It’s far too warm to be wearing this, but there you have it. I’ll change before the theatre tonight anyway. I thought I’d give you a glimpse of the current Italian silhouette in trousers. Courtesy of Brooks Brothers. Yes, that B-Squared. The cut of the corduroys is called the “Milano” and is their trimmest and most form fitting, lowest rise trouser. Far less comfortable than traditional trousers, their main attraction is … errrr …. attraction. It is hard not to get noticed in trousers that are flamboyantly coloured and cut.
The chief difficulty with them, once you manage to pull them on, is finding a suitable sportscoat to wear with them. It must be a bit shorter and certainly cut on the trim side. This is the closest I have in the closet, an Neopolitan made Isaia. And as long as you’re in for the colourful ride, a bit topside works well, too.
That title is a little misleading. Mrs. E. and were fortunate enough to be invited to a private concert, held in the gardens of a home not far from The Manse.
While the music wasn’t the sort that we would normally choose to listen to, it was nonetheless fantastic. Authenticity is never to be missed. Tim Grimm, writer and performer of classic Americana ballads, is nothing if not authentic. He chucked in a film career in Hollywood to get back to a simpler way of life and write his music. Up close, in a quiet garden with about 40 people listening, he could interact with his audience and drew us all in with his story telling. For a brief instant I felt like packing it in and heading for the country myself. That moment passed. I am a city dweller and suit wearer. But that’s how charismatic the man is.
I bring all this up, because I can’t remember the last time I attended a private concert. I think it is a wonderful idea for a party; especially if you have friends who play music. Follow the simple blueprint of the party we attended for a guaranteed success.
Inside the sun room were two tables, one set up with wine and glasses, the other with Bloody Mary makings and ice. Continuing in to the dining room, a buffet luncheon of four different quiches, an orzo salad, a green salad, fruit tray and small desserts was arranged on sideboards and the dining table. The china was mixed, as were the napkins and cutlery. (The food was all homemade — 15 quiches were baked in all.)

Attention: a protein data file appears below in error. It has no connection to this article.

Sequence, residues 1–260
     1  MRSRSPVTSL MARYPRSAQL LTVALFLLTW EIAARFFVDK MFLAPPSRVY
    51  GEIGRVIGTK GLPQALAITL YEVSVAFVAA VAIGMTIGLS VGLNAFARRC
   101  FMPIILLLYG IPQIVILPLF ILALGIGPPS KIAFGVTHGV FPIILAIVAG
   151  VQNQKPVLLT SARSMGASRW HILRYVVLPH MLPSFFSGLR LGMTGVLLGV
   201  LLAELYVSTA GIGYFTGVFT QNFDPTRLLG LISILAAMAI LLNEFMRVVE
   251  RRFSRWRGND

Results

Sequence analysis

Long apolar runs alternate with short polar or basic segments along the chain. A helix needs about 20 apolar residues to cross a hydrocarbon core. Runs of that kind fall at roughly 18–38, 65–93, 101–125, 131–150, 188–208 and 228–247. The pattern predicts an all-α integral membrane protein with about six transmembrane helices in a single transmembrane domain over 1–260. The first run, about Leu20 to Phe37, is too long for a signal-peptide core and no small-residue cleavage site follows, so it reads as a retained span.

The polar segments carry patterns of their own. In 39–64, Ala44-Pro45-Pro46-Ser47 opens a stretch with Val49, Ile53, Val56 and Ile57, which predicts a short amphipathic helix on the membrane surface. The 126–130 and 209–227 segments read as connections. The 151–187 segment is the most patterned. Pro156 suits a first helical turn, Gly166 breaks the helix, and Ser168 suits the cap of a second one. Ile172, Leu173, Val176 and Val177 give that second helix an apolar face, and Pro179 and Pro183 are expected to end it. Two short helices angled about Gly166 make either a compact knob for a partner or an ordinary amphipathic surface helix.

Outside a table was set up with a few cold patés and dips, soda and bottled water and ice. A wheel barrow held ice and bottled beer. Hired banquet chairs were arranged in a semi-circle facing the performance space. Several occasional tables and the garden furniture had been pressed into service as well. Plenty of shade was provided by mature trees and sunshine was welcome on a breezy 72ºF day.
Inside, you could have much the same setup and invite fewer people if seating is an issue. But the combination of good food, friends and live music is hard to beat. This year at New Year’s, I’m going to see if we can cajole a friend or two to sit down at the piano with the Cole Porter Songbook… Think about hosting your own private concert.
(Full Disclosure: my tailor, Leviner Wood, advertises on my blog and I’ve done some writing for them. But they are not compensating Easy and Elegant Life for this post in any other manner. I just like the trousers! Image: via Leviner Wood.)
As many long time readers will know, the tricky question of elegant travel has been debated a number of times before. There are two camps involved, those who dress for appearances and those who dress for comfort. Rarely is there an article of clothing that the two sides will agree fits the bill on both accounts.
Until now. At least that’s what I thought when I saw the cashmere-flannel five pocket jeans for the first time. The hand is lofty (the flannel), but they are extremely lightweight trousers. I would guess 7 – 8 oz. Because they are wool, they have a certain amount of natural stretch or give that makes them very comfortable to wear. The styling is like a pair of men’s jeans — standard rise, straight leg, flat front.
Here’s what I love about them. Under a sportscoat or blazer, you look like you’re wearing a trim cut flannel trouser that looks like something that The Sartorialist would shoot on a passerby in Milan. With a cashmere sweater and loafers, you’re ready for a casual evening out or to hop that flight home. They cost about the same as a high-end designer jean. The only downside I can see is that you have to dryclean them or use a home drycleaning product like Dryel. But then, no one washes bluejeans anyway. Do they?
What do you think? Could these be the first link in the mythical everyday elegant wardrobe?